Pennsylvanians who have an idea for a product or service and want to start a business will have much to consider. One of the fundamental aspects of starting a business is having funding. While it is possible to go to a bank or other lending institution to get a loan, the process can be complicated and is hit or miss as to whether sufficient funds will be provided. Alternatives such as dipping into savings or mortgaging property can also get necessary startup money, but this is a major risk when done without other sources and protections.
Even the most comprehensive and well-thought-out business ideas sometimes fail leaving people who leveraged their future with seemingly infinite problems. Getting seed money from friends and family could work, but this too hinges on what is available. Often, none of these strategies are viable on their own. However, there is a program called the Small Diverse Business Capital Access Program (SDBCA) that is state funded and might be beneficial for qualified businesses.
What is SDBCA and is it a wise alternative to start a business?
This program is designed to help those who are starting a diverse business by granting them loans at a low interest rate and lines of credit to serve their business needs. The state benefits from these businesses succeeding as they may provide employment. Obviously, the business owner benefits by having reasonable terms in getting loans and lines of credit. This money can be used for any aspect of the business from acquiring land and building; moving forward with construction and renovating; purchasing items that will be needed; and having cash and credit available for the predictable and unforeseen occurrences that happen with any business large or small.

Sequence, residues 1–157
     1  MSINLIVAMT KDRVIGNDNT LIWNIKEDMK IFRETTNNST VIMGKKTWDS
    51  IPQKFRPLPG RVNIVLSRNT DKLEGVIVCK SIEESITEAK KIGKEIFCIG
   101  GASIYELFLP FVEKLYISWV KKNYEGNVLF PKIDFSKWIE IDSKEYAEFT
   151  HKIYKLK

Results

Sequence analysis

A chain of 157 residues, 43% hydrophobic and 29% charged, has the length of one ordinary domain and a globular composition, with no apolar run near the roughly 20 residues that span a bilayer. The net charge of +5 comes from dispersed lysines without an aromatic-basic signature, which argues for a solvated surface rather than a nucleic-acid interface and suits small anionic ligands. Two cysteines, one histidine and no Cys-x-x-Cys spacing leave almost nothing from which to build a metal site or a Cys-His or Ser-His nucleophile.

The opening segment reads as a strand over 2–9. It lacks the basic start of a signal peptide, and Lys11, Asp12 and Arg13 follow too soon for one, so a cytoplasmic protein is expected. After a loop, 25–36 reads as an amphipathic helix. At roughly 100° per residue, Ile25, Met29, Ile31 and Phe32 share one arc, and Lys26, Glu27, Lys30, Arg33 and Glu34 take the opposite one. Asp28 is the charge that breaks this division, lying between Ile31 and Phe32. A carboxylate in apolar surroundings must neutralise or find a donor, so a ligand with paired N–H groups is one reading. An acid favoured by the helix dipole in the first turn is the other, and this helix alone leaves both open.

SDBCA is for minority owners, females, veterans or service-disabled people. It can have a maximum of 100 employees. There are limits to the funds that SDBCA will provide. People may get matching financing from outside lenders. The number of employees will also factor in with how much people can receive through SDBCA. For term loans, the amount is capped at $200,000; for lines of credit, it is $100,000. There are also requirements for collateral. Personal guarantees are often a sticking point for many people who are worried about their future. For people who will have at least 20% of ownership, they must provide this guarantee.
Funding and other aspects of a business may require professional help
Securing funding is just one part of running a business. While SDBCA might be an option for those who are starting out and meet the criteria, there are other issues that will inevitably arise and understanding business law is essential. That includes real estate, purchasing, dealing with employees, growing and more. From the outset, it is wise to have guidance for the entire process. Perhaps a person does not qualify for SDBCA. They might need assistance with other sources of financing and areas of the business. Consulting with those experienced in these matters is useful and should be a priority from the start to be fully prepared for every eventuality and to have a good chance at success.